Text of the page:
Phased Repair Plan

1. 2001 Construction SeasonReplacement and Repair of the Expansion Joints in the Upper Level Road which will require closing the entrance to the Upper Level Garage and restricting the access road between the Administration Building and the Upper Level Garage as well as reducing the Lower Level entrance to one lane during the summer. The estimated project cost is $1.4 million.2. 2002 Construction SeasonRepairs to the Upper Level and Lower Level garage slab with the footprint under McCormack Hall and Wheatley Hall. The estimated project cost is $2.6 million3. 2003 Construction SeasonRepairs to the Upper Level and Lower Level garage concrete beams, joists and slabs in an area between the Quinn Administration Building and the Science Building. The estimated project cost is $4 million.4. 2004 Construction SeasonContinuation of repairs to the Upper Level and Lower Level garage columns, beams joists and slabs in the area under the Science Building. The estimated project cost is $4.6 million.5. 2005 Construction SeasonRepair of the beams, joists and expansion joints along the main garage roadway between the Science Building and McCormack and Wheatley Halls sections and section of the garage. The estimated project cost is $6.1 million.6. 2006 Construction SeasonRepair to the Plaza, which will include replacement of pavers, repair to the sub structure and it’s waterproofing membrane. The estimated preliminary cost is $14 million.

Without legislative approval for the funds needed for the remaining phases, and knowing that the repairs must be completed, the campus plans to borrow funds through the UMass Building Authority for the next three phases and seek additional funds fromthe Legislature to complete the final two phases. We estimate that the debt service forthe borrowed-funds will be approximately $1,000,000 per year for 20 years. In order toprovide a revenue source for the debt service needed to pay for this borrowing, we propose the following actions.

1. Increase the Fee for Outside Reserved Spaces. The 150 lot currently has16 reserved spaces sold at an annual rate of $500 annually. We propose raising this fee to $750 annually, producing additional revenue of $4,000 the first year.2. Increase the Number of Outside Reserved Spaces. The paved area adjacent to the Clark Athletic Center could be converted to 140 reserved spaces. At $750 per space, this would generate $105,000 in revenue the first year.3. Increase the Fee for Inside Reserved Spaces. Currently, there are 11 reserved spaces at $220 per space, per year (these customers also pay regular parking fees.) We propose an increase to $500 per year for these spaces, generating an increase in revenue of $3,080 the first year.4 Increase the Inside Reserved Parking Spaces. We propose to increase the number of inside reserved parking spaces by 89, for a total of 100 reserved spaces, allocated on a first come, first served basis. At $500 per space, this would generate $44,500 in additional revenue the first year.5. Increase the Daily Parking Rate. We propose to increase the daily parking rate to $6 per day in FY 2002, and $7 per day in FY 2003, with appropriate increases in the various discounted pass options.6. Implement a Parking Rate Escalation Plan. Wage rates, bus contract costs, and routine repair and maintenance costs escalate each year. We believe that small yearly price escalations will allow us to address these issues in a logical and planned way. We propose a 5 percent per year increase beginning in FY 2004.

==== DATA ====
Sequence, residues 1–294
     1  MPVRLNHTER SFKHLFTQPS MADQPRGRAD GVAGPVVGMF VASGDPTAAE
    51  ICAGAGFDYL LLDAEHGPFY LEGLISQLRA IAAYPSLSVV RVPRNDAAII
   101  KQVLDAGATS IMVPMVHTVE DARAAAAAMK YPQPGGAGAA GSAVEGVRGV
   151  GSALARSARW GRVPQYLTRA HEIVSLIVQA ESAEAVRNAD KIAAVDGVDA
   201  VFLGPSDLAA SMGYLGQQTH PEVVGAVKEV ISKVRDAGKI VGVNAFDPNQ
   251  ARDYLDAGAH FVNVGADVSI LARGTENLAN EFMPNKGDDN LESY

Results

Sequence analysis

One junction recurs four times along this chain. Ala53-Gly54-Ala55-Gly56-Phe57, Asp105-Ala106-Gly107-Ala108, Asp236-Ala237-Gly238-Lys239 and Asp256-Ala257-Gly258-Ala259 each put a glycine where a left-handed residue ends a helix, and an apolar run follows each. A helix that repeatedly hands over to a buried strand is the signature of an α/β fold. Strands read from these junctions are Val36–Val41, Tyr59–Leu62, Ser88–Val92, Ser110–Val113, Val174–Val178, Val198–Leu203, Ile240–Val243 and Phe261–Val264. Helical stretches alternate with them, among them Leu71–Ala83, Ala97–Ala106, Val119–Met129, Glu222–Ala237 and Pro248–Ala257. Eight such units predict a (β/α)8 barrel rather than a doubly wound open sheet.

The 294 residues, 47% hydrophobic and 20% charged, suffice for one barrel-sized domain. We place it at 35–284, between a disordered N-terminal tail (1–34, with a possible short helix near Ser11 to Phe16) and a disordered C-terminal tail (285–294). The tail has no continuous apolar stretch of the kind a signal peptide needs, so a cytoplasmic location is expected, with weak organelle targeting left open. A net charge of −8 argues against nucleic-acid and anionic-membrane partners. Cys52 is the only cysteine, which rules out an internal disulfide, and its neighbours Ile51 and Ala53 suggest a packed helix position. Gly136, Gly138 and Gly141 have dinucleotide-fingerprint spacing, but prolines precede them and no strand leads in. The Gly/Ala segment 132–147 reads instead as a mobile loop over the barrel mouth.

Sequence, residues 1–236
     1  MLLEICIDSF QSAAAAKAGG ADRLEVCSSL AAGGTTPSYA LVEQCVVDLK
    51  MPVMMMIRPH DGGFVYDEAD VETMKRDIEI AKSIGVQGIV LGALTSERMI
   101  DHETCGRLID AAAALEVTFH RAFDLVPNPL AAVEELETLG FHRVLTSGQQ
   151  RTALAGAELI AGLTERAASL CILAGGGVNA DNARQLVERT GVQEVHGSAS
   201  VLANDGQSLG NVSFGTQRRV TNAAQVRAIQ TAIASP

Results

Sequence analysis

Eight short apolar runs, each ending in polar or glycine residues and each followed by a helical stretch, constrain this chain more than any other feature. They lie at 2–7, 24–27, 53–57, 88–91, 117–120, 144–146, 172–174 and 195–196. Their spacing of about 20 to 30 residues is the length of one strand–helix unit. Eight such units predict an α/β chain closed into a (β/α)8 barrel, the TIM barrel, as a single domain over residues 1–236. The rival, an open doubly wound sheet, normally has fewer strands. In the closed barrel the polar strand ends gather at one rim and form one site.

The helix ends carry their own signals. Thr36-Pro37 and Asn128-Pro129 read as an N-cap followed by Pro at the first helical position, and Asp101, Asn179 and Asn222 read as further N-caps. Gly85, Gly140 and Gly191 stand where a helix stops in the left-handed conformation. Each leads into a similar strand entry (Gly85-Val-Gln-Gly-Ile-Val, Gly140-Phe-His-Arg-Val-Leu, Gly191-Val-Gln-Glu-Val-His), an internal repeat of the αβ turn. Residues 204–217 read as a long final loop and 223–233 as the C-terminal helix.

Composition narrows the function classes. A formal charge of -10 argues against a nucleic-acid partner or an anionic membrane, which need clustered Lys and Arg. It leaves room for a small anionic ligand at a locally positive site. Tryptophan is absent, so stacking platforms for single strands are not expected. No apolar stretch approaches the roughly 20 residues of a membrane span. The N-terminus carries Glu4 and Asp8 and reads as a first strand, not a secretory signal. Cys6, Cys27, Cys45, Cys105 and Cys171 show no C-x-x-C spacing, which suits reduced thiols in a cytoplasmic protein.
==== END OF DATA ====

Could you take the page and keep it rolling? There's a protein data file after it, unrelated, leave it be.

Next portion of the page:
Should this plan be approved, we will implement these increases July 1, 2001. In the spring semester, we will begin the process of discussions with student, staff and faculty governance and unions. We will also need to market the new reserved spaces and make any adjustments necessitated by these discussions.

While raising parking fees is always a controversial step, it is nevertheless a necessary and responsible action that the campus must take. We must act now to preserve the garage as a resource for the campus community.